In a post at “Jesus Creed,” John Frye criticizes–in the form of, er, a poem–“Abelard’s Moral-Influence theory [of the Atonement] (via Schleiermacher),” which he claims is making a resurgence (I’m not sure among whom). The gist of the poem is that this theory reduces Jesus to a “poster boy,” an example to follow and that this falls short of the transformation we need. “We need an Invader, not an example.”
The problem here is that Jesus as “an example to follow” doesn’t accurately describe the Atonement theories of Abelard or Schleiermacher–or “exemplarist” theories generally.
In Abelard’s most frequently quoted passage on the Atonement (which comes from his commentary on Romans), he writes:
It, however, seems to us that we have been justified in Christ’s blood and reconciled with God in this: God has bound us more to God through love by this unique grace held out to us – that God’s own Son has taken on our nature and in that nature persisted unto death in instructing us through word as well as example – so that the true love of anyone kindled by so great a gift of divine grace would no longer shrink from enduring anything for the sake of God.
Abelard’s point here seems to be that the Son has taken our nature and shared our lot in life, teaching and instructing us, even unto death, and this gift kindles in our hearts a love for God. In other words, we love God because he first loved us. Jesus here is far more than an example to follow, but is the incarnation of God’s love in our world, which calls forth a loving response from us.
Some scholars, like Thomas Williams, have argued that this only represents one pole of Abelard’s thought, and that he also affirmed something like penal substitution. Whether or not that’s the case, though, it’s clear that Abelard thinks of Jesus as much more than an example of virtue for us to copy. As the baptist theologian Paul Fiddes puts it in his defense of a broadly “Abelardian” Atonement theory, for Abelard, “the love of God is. . . poured out from the event of Christ” (Past Event and Present Salvation, p. 155) and the Christ event results in “an infusing of love into the human heart” (p. 198).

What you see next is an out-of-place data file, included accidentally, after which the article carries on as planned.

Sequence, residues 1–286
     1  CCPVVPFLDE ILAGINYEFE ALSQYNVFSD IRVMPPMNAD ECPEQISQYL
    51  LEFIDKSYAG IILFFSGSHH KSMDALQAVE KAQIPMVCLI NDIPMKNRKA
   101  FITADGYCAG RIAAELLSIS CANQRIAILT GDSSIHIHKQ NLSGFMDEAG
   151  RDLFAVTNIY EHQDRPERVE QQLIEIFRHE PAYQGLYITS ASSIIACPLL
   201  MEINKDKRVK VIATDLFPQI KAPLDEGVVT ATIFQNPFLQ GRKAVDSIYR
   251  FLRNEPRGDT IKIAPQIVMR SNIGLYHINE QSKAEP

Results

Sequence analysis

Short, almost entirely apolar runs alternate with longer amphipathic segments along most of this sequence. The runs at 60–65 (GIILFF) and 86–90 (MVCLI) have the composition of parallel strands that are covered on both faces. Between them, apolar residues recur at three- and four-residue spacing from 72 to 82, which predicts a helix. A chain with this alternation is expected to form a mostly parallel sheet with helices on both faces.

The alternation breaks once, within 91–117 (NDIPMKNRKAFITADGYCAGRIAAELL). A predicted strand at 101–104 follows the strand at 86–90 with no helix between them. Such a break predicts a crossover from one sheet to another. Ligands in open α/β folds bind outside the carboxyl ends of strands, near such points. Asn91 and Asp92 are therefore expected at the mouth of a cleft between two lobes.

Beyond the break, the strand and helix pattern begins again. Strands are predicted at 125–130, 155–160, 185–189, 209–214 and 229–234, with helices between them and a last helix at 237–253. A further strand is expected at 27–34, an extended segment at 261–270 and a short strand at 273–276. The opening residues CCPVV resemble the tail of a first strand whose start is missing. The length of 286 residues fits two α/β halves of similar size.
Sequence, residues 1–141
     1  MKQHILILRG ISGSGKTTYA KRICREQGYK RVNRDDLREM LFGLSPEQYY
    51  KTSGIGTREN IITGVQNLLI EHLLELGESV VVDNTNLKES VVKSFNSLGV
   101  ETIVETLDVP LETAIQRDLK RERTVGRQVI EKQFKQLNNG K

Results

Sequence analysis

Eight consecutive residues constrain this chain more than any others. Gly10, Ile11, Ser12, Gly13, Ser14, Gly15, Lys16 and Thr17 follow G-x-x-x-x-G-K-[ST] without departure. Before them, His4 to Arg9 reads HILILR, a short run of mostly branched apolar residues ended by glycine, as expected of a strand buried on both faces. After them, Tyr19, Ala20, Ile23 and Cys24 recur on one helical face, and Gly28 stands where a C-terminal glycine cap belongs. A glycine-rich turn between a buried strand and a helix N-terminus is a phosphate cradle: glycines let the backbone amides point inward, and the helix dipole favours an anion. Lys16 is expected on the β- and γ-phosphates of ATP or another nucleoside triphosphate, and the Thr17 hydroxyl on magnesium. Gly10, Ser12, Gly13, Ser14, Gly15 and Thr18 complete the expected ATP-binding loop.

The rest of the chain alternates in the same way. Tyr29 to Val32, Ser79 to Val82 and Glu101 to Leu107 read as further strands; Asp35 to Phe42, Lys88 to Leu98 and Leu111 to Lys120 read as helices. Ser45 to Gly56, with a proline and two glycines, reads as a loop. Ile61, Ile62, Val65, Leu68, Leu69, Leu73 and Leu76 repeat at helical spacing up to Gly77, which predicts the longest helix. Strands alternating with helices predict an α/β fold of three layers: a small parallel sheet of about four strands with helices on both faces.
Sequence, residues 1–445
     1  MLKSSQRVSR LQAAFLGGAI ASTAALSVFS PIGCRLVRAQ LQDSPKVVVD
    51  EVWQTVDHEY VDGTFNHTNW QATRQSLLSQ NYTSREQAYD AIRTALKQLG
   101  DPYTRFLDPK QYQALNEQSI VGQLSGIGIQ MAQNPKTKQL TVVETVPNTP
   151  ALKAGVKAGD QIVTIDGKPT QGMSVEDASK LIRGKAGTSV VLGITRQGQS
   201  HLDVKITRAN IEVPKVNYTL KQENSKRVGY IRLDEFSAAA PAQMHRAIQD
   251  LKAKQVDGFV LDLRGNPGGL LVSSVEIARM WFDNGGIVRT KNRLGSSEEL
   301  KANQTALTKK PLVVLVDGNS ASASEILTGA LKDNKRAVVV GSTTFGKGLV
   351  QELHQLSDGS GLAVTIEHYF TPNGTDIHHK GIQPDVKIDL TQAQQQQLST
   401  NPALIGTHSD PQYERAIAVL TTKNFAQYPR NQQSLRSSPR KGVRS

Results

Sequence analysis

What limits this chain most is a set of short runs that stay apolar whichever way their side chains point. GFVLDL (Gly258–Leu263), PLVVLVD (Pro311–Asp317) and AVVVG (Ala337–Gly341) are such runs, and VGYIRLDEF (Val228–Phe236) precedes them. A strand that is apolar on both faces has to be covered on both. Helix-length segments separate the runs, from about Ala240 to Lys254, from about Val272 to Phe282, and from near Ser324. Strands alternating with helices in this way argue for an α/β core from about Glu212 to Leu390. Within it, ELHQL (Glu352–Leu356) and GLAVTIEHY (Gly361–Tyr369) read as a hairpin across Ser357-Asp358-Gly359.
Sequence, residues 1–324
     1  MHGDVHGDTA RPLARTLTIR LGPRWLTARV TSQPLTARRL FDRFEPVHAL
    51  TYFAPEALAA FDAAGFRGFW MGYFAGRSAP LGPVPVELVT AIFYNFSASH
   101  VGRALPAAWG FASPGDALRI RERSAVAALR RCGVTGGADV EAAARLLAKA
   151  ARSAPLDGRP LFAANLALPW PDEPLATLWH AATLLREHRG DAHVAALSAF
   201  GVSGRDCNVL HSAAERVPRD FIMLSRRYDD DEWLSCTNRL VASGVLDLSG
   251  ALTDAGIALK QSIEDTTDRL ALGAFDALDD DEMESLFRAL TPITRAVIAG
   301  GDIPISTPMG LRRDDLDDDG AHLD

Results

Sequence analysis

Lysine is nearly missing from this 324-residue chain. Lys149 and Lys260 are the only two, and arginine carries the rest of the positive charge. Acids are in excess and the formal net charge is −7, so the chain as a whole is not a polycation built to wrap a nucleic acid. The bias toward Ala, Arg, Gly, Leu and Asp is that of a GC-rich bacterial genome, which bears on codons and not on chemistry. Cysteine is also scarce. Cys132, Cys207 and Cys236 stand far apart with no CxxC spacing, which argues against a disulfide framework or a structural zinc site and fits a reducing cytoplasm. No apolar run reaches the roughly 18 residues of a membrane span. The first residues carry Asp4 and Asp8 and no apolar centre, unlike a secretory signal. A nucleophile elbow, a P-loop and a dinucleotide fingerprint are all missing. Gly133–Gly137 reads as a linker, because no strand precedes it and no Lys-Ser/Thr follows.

Schleiermacher might more plausibly be read as holding to the “Jesus as example” theory. But even he sees our relation to Christ in much more intimate terms than that. Salvation, for Schleiermacher, consists in entering into a “living fellowship” with Christ so that we might share his perfect “God-consciousness.” This is much more akin to a mystical union than a relationship of imitation.
More recent examples of “exemplarist” theories also emphasize that it is the love of God manifested in Christ that saves us–not our following of Christ’s example. For instance, the British theologian-philosopher Brian Hebbllethwaite defends a broadly exemplarist view of the Atonement in his essay “Does the doctrine of the atonement make moral sense?” He characterizes this view as
exemplarist, not just in the sense that the self-sacrificial love of God in Christ sets us an example to follow, but much more in the sense that the nature of God’s costly forgiving love is exemplified in the life, passion and death of God incarnate. (in Ethics and Religion in a Pluralistic Age, p. 80)
The death of Jesus, for Hebblethwaite (as for Schleiermacher and perhaps for Abelard), is not a condition that has to be met for God to extend forgiveness to us; rather, God’s forgiving love is “manifested and enacted in Christ’s passion and death.” The passion shows that God’s forgiveness is costly, but God did not require the death of his Son as a kind of payment in order to be able to forgive.
Hebblethwaite goes on to argue that the Atonement has two aspects, relating to what have traditionally been called “justification” and “sanctification.” These two elements–relating to the forgiveness of our sin and our transformation into the likeness of Christ–are what constitute our reconciliation, or at-one-ment, with God:
In other words, justification and sanctification–the two elements of atonement–are best understood in terms of God’s free forgiveness and the effective transformation of sinners, the moral seriousness of the former being shown in the whole story of the Incarnation, including the passion and way of the cross, and the moral seriousness of the latter consisting in the fact that conformation to Christ is no easy, automatic transformation but a winning of our penitence and commitment by that incarnate love and an inspiration from within by the Spirit of that same Christ enabling us to become more Christlike in the Christian fellowship and eventually in the communion of saints. This may be regarded as objective a theory of atonement as we can hope for. (pp. 82-3)
My point here isn’t that this is necessarily the correct account of the Atonement (though I have a lot of sympathy for it). It’s that many criticisms of “subjective” or “exemplarist” Atonement theories rest on a strawman version of what their proponents are saying. For Abelard, Schleiermacher, and Hebblethwaite, there’s much more to the Atonement than a good example for us to follow.